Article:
Mother stumbled back a bit when she first saw Father— the sight was awful but the smell was worse. Spending part of the day among corpses brought home an unwelcome perfume. Mother regained her composure and managed to strip and bathe her loved one, getting a glimpse of where the sword had pierced his side. The children helped her get him settled comfortably in bed. He smiled faintly and slept.
Back in the kitchen, Mother dished up stew for all of them. Tabitha was in bed already, exhausted by the trauma of the day. Mother listened to the children’s story, and then she shared her own. Gabe remembered seeing smoke, but he had been too consumed with himself to stop and consider what it had meant.
“I want to go see what’s happening in the Square.” Gabe was resolute. “If the fire is still going, maybe I can help. I need to see if everyone’s been killed but Father. And Vulpine, did he die in the fire?”
Mother shook her head. “I don’t see how anyone who had been inside could have survived.”
“Mother, do you want me to stay with you?” Angela asked. Relief swept across her mother’s face. “All right, I’ll stay and help you.”
“You don’t need to help. Just stay here with me. My heart can’t take any more separation today. Gabe, you stay away from any trouble. It’ll be dark in an hour. Please try and be home.”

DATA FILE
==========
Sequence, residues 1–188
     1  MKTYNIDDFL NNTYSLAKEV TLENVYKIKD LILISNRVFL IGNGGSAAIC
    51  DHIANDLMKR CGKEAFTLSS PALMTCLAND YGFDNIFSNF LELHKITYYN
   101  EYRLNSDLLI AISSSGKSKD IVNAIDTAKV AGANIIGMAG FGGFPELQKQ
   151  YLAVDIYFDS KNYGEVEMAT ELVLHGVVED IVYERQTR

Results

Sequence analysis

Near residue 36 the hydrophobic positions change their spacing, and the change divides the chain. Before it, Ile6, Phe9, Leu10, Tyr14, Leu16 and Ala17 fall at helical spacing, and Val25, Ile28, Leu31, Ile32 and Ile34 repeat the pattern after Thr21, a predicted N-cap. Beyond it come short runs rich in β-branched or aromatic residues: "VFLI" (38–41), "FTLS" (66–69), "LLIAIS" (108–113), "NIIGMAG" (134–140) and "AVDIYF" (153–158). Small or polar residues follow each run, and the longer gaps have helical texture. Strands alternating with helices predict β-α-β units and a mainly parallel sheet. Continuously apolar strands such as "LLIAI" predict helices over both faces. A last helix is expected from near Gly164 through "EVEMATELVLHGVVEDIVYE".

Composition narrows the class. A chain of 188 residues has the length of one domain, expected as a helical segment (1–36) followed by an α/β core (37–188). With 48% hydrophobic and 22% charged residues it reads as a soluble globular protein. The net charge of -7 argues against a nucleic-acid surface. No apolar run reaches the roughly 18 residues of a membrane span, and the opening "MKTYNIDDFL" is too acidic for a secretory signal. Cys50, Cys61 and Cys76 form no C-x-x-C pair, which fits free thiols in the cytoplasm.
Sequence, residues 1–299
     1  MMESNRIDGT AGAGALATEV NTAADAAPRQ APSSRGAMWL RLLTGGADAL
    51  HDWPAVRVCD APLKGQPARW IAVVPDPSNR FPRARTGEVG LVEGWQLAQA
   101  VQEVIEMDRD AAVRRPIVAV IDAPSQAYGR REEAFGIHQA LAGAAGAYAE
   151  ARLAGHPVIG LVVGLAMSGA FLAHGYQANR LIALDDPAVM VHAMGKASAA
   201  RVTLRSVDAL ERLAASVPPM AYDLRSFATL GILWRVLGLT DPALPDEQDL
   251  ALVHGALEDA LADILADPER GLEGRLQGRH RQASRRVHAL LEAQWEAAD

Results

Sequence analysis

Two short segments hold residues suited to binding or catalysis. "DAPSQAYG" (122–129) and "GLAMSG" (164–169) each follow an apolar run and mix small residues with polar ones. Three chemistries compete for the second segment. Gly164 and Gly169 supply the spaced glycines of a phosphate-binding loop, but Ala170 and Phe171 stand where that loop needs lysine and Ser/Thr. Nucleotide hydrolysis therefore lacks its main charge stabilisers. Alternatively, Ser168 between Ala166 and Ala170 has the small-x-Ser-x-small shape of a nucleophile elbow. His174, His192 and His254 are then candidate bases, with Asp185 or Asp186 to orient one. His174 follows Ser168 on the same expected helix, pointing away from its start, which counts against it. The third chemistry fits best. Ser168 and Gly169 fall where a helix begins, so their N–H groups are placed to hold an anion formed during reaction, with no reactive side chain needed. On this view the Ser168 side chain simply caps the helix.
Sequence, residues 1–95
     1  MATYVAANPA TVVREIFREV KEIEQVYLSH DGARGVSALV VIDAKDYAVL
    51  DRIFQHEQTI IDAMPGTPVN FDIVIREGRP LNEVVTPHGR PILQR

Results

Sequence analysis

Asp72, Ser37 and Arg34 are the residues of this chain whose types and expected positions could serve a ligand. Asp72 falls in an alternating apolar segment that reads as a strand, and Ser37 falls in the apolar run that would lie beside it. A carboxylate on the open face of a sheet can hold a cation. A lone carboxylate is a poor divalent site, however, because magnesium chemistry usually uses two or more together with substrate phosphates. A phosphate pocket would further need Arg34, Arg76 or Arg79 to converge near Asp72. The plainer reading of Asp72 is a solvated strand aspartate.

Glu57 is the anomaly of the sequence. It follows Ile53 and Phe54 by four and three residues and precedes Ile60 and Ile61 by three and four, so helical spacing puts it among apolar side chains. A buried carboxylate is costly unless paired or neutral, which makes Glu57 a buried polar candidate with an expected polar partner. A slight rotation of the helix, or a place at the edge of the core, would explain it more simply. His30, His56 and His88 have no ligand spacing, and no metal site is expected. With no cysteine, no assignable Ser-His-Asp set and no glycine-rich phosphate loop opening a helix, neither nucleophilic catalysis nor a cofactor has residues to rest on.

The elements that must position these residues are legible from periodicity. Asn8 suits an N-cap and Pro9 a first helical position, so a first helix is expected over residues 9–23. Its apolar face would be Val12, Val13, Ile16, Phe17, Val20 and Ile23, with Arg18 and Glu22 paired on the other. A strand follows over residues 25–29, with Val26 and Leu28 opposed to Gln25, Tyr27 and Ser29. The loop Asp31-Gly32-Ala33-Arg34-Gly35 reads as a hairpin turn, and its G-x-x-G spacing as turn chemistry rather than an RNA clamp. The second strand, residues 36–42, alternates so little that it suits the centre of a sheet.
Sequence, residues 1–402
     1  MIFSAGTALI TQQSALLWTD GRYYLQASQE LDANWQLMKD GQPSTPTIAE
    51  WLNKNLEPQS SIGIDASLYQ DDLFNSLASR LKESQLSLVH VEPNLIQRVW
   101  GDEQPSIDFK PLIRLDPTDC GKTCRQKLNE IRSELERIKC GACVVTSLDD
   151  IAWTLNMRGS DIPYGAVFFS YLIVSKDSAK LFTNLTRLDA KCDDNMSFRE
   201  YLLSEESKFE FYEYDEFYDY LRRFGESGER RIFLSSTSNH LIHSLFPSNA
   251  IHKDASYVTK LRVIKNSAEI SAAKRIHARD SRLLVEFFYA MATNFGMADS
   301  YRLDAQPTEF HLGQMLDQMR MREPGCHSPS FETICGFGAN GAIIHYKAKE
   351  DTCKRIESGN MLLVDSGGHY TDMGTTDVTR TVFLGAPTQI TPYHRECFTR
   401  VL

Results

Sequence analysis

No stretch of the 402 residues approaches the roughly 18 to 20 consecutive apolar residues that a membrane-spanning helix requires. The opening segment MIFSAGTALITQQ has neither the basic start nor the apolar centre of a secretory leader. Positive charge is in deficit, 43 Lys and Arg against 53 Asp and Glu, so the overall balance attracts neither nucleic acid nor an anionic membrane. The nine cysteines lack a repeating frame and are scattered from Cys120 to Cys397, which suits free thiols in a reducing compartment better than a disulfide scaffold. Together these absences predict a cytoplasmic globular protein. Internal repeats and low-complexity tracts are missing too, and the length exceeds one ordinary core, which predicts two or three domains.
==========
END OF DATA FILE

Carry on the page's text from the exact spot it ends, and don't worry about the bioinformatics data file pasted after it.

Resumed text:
Gabe was in the square in minutes. The fire was down to embers. The Assembly Hall had been reduced to ashes. The smell of fire usually brought cozy images of warm milk and porridge, but this smell was choking, nauseating, flesh and bone cooked into the ashy soup stirring before him as embers popped. The King’s pearl plate sat in the ashes, the only thing that had escaped the fire other than the thick black smoke which billowed up into the sky.
Finally taking a good look around the square, he spotted the wooden frames. He had forgotten about them, a year’s worth of events had taken place since the day had begun. He shuffled across to the platform at the other end with only the empty market stalls behind it and saw that the wooden frames had been filled just as Father had described. Heads and hands hung out of the three holes in each frame. One other man was bound hand and foot and tied to one of the posts. Six men had been arrested.